Mother’s day can be a wonderful family event, a time of gathering together to celebrate and reward the family Matriarch and give her a well-earned and all too rare rest.
However, as with all relationships, not all maternal relationships are created equal. Some can be fraught with tension and dysfunction the depth of which can only be understood from within. This means that for some people mother’s day brings with it a hollow sense of grief for the relationship that never was or is no more and a feeling of being an outsider in a world full of seemingly perfect cookie cutter families.
Often, this loss is most acutely felt when the child of the dysfunctional mother/child relationship goes on to have children of their own. Who is their role model? Who is their rock, their support person and endlessly patient confidant and advisor? Sometimes the very act of parenting their own children and having a good healthy relationship with them can highlight what they missed in their own childhood.
For the people recovering from dysfunctional relationships with their mothers, it’s important to learn to provide the nurture and love that was previously not present in their relationship with their mothers for themselves. This can take time, but it is possible. Positive affirmations can provide some comfort and increase in self-esteem. Looking in the mirror every day and saying “I love you” and “you’re enough” and “all children deserve unconditional love” can begin this process. As well as saying these words, take a moment to close your eyes and feel them, send love within to yourself and notice where you feel it in your body.
Where emotional wounds run deep, Hypnotherapy can provide the tools required to complete the healing process. There are a number of therapies which can be delivered in light trance which can guide a client towards resolution of previously unresolved emotions.
To everyone on Mother’s day, feel the love from within. You are enough and you deserve to be loved.
We seem to feel so busy all of the time these days. There’s always something we should or could be doing, whether it’s at work, around the house, with our friends, partners, kids, extended family, online or all of the above, it feels like there’s so much happening all the time.
It’s easy to get swept up in it, and try to multi task our way through life. Science has now proven that we can’t multi-task, not even super mums can! not effectively. You may be able to do several things at the same time, but you’re not doing any of them as well as you would be if you focused on one thing at a time. We’ve tricked ourselves into believing otherwise though.
Talking and listening to our kids can become part of this barely contained chaos. Our kids try to tell us about something that happened in the playground that day and we lend them half an ear while we gaze over their head at the evening news, or continue unpacking the shopping, and checking our texts or emails.
In this hurly burly existence time flies by and if we’re not careful, we may wake up one morning and realise that our kids aren’t kids any more, we’ll long to hear those playground stories and see the sticky fingerprints on the fridge door.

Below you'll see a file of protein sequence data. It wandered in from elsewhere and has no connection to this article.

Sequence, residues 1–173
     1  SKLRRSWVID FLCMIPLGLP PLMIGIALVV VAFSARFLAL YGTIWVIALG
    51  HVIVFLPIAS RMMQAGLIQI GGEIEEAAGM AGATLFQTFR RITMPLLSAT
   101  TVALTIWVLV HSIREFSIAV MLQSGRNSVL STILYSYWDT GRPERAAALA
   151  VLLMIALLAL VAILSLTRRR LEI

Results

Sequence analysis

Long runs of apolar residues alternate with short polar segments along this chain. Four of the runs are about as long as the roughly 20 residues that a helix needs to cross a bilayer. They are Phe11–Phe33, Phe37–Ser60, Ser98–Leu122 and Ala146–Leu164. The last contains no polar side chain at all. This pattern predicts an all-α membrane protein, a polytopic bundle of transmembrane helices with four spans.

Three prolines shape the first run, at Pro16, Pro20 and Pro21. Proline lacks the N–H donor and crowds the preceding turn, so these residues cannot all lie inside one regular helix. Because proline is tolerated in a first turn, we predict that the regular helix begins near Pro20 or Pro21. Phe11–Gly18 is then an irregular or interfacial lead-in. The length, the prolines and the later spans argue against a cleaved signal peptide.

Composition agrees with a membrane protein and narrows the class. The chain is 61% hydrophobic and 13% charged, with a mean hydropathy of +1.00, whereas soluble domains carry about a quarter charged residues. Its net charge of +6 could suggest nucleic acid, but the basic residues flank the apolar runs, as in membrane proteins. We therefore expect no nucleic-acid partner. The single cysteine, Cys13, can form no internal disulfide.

It’s important to pay attention. Our kids are the greatest gift we’ll ever receive. When they try to communicate and connect with us, instead of falling into the habit of treating them as filler between 10 other tasks, let’s make time to give them our full attention.
Here are some tips for active listening with kids:
Be at their eye level and look them in the eye when you’re conversing.
Listen attentively, don’t just wait for them to be finished so you can say your bit or go on about your business.
Show them that they have your attention say the odd 'uh huh', and when they finish speaking check with them that you've understood them correctly.
Discuss what they've told you. Ask them a couple of questions. You’ll be surprised just how interesting these conversations will become.
This style of discourse will make your relationship so much richer and will help your child become more confident and better able to regulate their emotions through open communication. You can demonstrate the art of speaking assertively rather than aggressively e.g. using ‘I’ statements rather than ‘you’ as in ‘I feel annoyed’ rather than ‘You made me feel annoyed”.
Making a point of having dinner at the table rather than in front of the TV will provide a fantastic opportunity for discussing the day’s events.
Knowing that they can talk to you and be heard will make it easier for your child to come to you when they are worried or anxious about something.
There’s a wonderful article on anxiety in kids at the link below.
Melbourne Hypnotherapist Georgina Mitchell was born in Ireland, moving to Australia in 1989. Georgina Specialises in helping people with Anxiety Disorders and is an active member of the Melbourne Hypnotherapy Community. In Melbourne Hypnosis is being accepted as effective tool for anyone wanting to achieve a positive change in Mood, Behaviour and Habit.
Melbourne Hypnotherapy Blog
Please note as with all therapies, Results for Therapies delivered by Hypfocus may vary from person to person